The Blendtec and the Ninja Chef both blended the margarita extremely easily, liquefying the ingredients very quickly without any additional effort on our part. However, the final drink wasn't quite as smooth as that created by the top appliances, being a bit more grainy with larger chunks of ice.
Next, the Cleanblend Commercial Blender, the Oster VERSA Pro , and the Nutri Ninja each earned an 8 out of 10 for their good performance. The VERSA created a decent margarita, but there were still small chunks of ice dispersed throughout the beverage. It also successfully crushed ice, but it struggles a bit.
The Nutri Ninja effortlessly crushed the ice but didn't create a very consistent margarita. The texture of the beverage was fine, but there were a decent number of unblended chunks of ice randomly spread throughout the drink.
The Cleanblend did a bit better at crushing ice than the VERSA Pro, but not quite as proficient as the Nutri Ninja, as we still had to pulse this product to get it to feed the ice and not just bounce around. However, we did like that the Cleanblend had plenty of power and didn't slow down at all when cutting through the ice cubes.
The Cleanblend also did well in our margarita test, crushing up the ice extremely well and thoroughly liquefying all of the ingredients — almost more than we would have wanted. However, the Cleanblend didn't make the most uniform tasting batch of margaritas, as the vortex created by the blades doesn't seem as strong as some of the other appliances.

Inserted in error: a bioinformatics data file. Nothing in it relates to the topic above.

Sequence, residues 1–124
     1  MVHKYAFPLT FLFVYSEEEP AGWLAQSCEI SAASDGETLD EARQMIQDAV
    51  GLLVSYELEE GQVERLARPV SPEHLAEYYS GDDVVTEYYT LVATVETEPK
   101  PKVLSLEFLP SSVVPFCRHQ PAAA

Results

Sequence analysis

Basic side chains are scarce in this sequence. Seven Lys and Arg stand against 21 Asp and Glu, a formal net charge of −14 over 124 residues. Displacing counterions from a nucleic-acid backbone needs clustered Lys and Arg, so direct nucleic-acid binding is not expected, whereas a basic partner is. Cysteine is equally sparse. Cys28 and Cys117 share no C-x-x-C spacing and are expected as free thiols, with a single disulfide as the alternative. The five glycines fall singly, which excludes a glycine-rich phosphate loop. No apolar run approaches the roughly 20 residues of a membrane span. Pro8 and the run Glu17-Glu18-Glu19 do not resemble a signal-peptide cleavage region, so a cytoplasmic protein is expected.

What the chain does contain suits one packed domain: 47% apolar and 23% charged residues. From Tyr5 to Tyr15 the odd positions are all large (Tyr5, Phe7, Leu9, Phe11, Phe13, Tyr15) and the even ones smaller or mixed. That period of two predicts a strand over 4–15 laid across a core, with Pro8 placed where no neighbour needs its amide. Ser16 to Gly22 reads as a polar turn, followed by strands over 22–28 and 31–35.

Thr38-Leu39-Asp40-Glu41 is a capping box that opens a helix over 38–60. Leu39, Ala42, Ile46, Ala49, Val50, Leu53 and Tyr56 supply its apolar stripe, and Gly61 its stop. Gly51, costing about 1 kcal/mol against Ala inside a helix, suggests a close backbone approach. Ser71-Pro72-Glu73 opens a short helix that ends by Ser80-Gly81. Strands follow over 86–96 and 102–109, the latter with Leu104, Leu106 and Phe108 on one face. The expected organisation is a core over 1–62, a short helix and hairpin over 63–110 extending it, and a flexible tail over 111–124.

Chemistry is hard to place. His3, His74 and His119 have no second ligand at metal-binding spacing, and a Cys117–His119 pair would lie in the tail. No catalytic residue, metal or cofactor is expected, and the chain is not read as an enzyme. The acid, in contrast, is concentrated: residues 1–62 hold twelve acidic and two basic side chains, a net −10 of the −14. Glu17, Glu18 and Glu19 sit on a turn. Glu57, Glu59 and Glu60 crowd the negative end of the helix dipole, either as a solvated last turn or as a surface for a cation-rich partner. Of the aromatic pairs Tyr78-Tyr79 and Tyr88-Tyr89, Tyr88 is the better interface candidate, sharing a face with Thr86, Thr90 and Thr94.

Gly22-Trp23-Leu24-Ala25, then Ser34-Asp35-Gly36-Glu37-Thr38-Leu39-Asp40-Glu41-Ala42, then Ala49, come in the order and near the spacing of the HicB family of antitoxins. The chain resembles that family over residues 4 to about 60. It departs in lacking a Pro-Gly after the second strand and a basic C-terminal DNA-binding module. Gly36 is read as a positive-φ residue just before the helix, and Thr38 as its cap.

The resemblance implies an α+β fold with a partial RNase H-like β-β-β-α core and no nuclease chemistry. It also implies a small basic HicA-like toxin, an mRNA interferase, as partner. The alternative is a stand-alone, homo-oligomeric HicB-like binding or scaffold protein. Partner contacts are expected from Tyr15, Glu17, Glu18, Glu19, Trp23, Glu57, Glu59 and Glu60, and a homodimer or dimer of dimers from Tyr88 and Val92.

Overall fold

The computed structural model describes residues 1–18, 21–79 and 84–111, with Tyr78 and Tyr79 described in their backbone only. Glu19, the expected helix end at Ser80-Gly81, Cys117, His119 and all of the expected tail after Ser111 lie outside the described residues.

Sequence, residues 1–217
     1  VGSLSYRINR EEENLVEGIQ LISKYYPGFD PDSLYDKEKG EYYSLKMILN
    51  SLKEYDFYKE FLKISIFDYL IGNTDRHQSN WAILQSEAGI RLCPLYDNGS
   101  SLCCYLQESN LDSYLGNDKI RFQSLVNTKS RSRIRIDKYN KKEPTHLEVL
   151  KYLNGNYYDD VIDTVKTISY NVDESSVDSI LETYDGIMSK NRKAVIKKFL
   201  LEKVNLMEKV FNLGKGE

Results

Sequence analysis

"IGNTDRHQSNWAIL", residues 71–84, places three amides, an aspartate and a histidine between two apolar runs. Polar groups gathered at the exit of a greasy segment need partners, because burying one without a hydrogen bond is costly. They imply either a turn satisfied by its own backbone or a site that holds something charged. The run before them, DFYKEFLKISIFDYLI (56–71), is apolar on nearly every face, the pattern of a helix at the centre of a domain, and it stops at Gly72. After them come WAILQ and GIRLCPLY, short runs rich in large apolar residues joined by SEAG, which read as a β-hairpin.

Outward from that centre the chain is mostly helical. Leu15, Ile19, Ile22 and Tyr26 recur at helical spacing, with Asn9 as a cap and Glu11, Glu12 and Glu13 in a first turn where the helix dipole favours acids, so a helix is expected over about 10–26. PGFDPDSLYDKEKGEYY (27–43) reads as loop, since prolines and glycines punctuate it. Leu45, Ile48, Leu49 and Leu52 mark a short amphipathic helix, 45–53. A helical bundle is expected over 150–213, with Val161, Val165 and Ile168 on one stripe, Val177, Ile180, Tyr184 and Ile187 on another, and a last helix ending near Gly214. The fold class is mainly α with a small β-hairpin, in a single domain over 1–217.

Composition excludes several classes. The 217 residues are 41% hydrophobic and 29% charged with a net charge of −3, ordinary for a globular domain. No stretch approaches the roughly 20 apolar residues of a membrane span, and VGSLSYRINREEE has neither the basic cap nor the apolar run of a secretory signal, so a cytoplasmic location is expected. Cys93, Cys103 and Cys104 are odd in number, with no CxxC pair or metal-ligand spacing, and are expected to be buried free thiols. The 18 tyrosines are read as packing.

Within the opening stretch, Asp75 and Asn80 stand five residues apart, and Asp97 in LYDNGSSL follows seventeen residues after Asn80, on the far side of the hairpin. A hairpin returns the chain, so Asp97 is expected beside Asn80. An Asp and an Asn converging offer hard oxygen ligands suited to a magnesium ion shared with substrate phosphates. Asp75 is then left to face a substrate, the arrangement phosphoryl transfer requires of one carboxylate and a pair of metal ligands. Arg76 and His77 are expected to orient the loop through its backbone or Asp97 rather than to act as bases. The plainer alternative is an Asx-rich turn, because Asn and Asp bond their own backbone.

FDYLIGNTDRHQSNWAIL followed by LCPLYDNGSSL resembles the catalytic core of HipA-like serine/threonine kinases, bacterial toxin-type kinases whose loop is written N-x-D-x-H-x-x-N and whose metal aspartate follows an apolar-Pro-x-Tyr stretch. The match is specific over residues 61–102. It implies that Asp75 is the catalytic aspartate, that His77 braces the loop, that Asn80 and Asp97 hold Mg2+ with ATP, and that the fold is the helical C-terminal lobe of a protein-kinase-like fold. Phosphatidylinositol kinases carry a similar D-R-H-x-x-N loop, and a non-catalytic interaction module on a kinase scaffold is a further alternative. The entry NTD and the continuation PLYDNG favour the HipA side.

Rounding out the back of the pack, the Oster Simple Blend 100 earned a 2 out of 10 for its abysmal showing in our ice tests. It did alright at crushing ice, only leaving a single large cube whole. However, it was our margarita test where the Simple Blend performed exceptionally poorly, failing to fully blend the margarita and forcing us to stop the test early as the base started smoking.
Tying with our Ice metric in terms of significance, our Convenience metric also takes credit for 20% of the total score. This metric evaluated how much work it was to actually use each product, with scores based on the difficulty of hand-washing each model, whether or not it was dishwasher safe, how easy it is to remove the lid, and whether or not the pitcher would dry when left on the base, as well as the quality of the presets on the machine and the labeling for them.